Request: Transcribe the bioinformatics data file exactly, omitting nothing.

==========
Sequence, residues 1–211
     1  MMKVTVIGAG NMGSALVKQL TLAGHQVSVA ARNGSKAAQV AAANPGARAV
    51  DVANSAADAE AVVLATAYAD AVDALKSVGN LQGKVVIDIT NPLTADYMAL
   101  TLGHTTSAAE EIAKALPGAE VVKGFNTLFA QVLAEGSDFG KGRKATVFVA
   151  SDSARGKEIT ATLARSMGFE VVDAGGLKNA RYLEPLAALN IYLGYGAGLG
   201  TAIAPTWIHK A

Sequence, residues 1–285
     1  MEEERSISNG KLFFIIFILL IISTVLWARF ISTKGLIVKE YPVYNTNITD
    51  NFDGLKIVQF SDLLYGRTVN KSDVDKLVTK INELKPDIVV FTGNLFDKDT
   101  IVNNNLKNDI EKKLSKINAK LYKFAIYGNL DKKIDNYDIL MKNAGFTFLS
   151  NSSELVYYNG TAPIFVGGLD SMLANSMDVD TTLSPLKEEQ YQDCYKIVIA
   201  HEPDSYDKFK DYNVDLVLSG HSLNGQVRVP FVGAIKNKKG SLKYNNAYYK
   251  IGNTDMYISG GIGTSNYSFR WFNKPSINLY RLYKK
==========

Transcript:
Sequence, residues 1–211
     1  MMKVTVIGAG NMGSALVKQL TLAGHQVSVA ARNGSKAAQV AAANPGARAV
    51  DVANSAADAE AVVLATAYAD AVDALKSVGN LQGKVVIDIT NPLTADYMAL
   101  TLGHTTSAAE EIAKALPGAE VVKGFNTLFA QVLAEGSDFG KGRKATVFVA
   151  SDSARGKEIT ATLARSMGFE VVDAGGLKNA RYLEPLAALN IYLGYGAGLG
   201  TAIAPTWIHK A

Sequence, residues 1–285
     1  MEEERSISNG KLFFIIFILL IISTVLWARF ISTKGLIVKE YPVYNTNITD
    51  NFDGLKIVQF SDLLYGRTVN KSDVDKLVTK INELKPDIVV FTGNLFDKDT
   101  IVNNNLKNDI EKKLSKINAK LYKFAIYGNL DKKIDNYDIL MKNAGFTFLS
   151  NSSELVYYNG TAPIFVGGLD SMLANSMDVD TTLSPLKEEQ YQDCYKIVIA
   201  HEPDSYDKFK DYNVDLVLSG HSLNGQVRVP FVGAIKNKKG SLKYNNAYYK
   251  IGNTDMYISG GIGTSNYSFR WFNKPSINLY RLYKK